An Elementary Approach to Employee Wellbeing

I have sat on a number of panels in recent months discussing the need for greater mental and physical wellness in an increasingly frenetic business climate in order to create happier, more sustainable employees.  Quite simply, employee burnout is on the rise and the fear of that is palpable.  The consensus among these panels has been two fold:

  1. There is an urgent need for change – the debate is what is the right and achievable course of action and how much will it cost the organization?
  2. Change must come from the top – both in advocating and demonstration.  It’s the only way to drive meaningful action and adoption.

As a former senior executive and parent to a current Kindergartner, it’s become clear to me that there are key wellness techniques demonstrated everyday in the school environment – created to nurture, develop and drive success in our children – that we have simply forgotten as adults trying to create the same values in our corporate cultures.  Similarly, as a health coach, there are specific areas of development that I use to cultivate your overall wellness – in part, they include: positive relationships, creativity, joy, social life, education, and of course, physical activity and healthy home cooking.  When you think about it, these elements were all present in your primary school years and even the village working environments that our ancestors thrived in…so why have we let them get away from us?  Let’s revisit that experience:

  • Morning Intentions and Affirmations. American children begin each day with The Pledge of Allegiance and in some religious-based institutions, a prayer.  This has always established a clear connection, alignment and intention for the day as well as our place and course in life.  It’s a way to remember, “what and why are we doing this?”  In business, I see a great opportunity in this as well.  Whether that be your personal intention each morning, “What is my ‘why’ today?  What is motivating me today? What gift or learning do I hope to take away from my day? What am I grateful for today?”  Or, as an employee or manager in a larger organization, “What does my company stand for, and how do I proudly contribute to this shared pursuit today? How can I put my ego aside for the greater good I’m serving?”  I believe starting each morning as an individual or initiating the practice as a team lead with that quiet focus and intention can drive greater presence and success in your hours and years ahead.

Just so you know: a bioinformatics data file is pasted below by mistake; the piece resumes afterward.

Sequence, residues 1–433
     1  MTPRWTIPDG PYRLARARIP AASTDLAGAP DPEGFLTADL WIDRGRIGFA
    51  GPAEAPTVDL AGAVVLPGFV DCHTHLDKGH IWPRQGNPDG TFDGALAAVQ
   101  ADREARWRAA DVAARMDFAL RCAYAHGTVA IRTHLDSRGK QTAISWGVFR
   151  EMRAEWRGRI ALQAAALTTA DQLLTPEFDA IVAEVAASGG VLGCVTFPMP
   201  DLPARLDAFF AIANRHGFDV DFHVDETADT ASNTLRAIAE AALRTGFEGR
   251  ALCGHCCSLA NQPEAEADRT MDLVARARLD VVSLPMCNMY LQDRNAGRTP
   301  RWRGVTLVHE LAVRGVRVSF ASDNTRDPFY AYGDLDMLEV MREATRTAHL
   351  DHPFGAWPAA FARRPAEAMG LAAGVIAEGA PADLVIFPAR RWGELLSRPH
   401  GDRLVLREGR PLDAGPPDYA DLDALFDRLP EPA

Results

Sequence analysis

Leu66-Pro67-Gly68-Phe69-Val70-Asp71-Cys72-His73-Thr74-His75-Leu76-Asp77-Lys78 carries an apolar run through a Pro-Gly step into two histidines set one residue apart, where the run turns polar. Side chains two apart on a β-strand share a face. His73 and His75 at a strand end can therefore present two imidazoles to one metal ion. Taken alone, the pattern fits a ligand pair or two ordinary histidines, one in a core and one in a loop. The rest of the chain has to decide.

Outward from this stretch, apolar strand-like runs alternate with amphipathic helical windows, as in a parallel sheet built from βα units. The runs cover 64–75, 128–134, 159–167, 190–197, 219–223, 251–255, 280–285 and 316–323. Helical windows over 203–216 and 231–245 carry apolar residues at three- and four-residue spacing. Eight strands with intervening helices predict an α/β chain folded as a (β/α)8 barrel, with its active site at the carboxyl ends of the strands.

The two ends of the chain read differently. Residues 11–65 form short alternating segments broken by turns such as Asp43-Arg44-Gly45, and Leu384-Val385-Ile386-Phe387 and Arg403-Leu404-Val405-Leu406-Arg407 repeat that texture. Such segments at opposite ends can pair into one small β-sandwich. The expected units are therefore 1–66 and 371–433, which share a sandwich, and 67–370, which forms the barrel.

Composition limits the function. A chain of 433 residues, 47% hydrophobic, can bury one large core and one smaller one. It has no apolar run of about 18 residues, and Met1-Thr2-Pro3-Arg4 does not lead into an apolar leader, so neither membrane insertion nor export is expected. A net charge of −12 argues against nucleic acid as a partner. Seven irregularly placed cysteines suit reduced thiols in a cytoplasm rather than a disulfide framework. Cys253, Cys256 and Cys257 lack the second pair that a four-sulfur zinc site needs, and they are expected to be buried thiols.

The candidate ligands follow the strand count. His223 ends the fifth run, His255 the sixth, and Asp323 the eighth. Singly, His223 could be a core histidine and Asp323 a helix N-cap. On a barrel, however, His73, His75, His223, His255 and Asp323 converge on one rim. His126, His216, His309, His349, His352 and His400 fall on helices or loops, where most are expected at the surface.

• The Lunch Room. Taking time to gather around a table to sit, eat, and have great engaging conversation is not just good digestive health, but mental health too (as these two are inextricably linked – please read “The Mind-Gut Connection” to learn more.)  When I was growing up we had dinner together as a family every day of the week – no exception.  Today, the late nights and disparate schedules have often left the family dinner on the cutting room floor which is a bummer.  While, perhaps, this is a more challenging family dynamic to solve for, organizations have an opportunity to offer their employees nourishing food options (especially in the age of pop-up chefs and even health-conscious food trucks if your office isn’t outfitted with a corporate kitchen), and strongly encourage employees take their lunch break, gather, laugh, discuss, humanize each other, and form greater camaraderie.  I have been in many corporate campuses where this is alive and well, but in ad agencies where I came from I’d say lunch at your desk…or not at all, has become far more the norm, and I can tell you (and suspect you know too) that it’s not good for your mental or physical health. Let’s gather at the lunch table, shall we?
  • The Guidance Counselor.  Just like employees, children bring a host of different backgrounds, experiences, varied family dynamics and traumas to the school environment.  In helping all children thrive, the school counselor has always offered a safe place to talk out feelings and process experiences happening inside or outside of school to help them stay better-focused on the task at hand.  Some individuals may be more vocal and others may be more internal-directed but often communicate their pain in other non-verbal ways.  It seems to me that the office environment isn’t much different.  When you provide employees with Executive Coaches – independent and non-judgmental support systems to help people better consider varied perspectives and agendas, learn positive and productive communication techniques, learn how to better take care of their physical and emotional health, or perhaps simply have a safe sounding-board, they provide invaluable support to incredibly stressful environments where many employees report feelings of isolation and loneliness – both recipes for poor performance and a negative culture-vortex.  The fact is it often costs more to replace employees than it does to train them (not to mention the potential for more horrific outcomes with highly disgruntled employees that you’ve seen play out in the news).  And, more importantly, business these days is hard and it’s often emotional whether you want it to be or not – so creating a safe and supportive environment lets all boats rise.  As organizational leaders, you must give this critical consideration.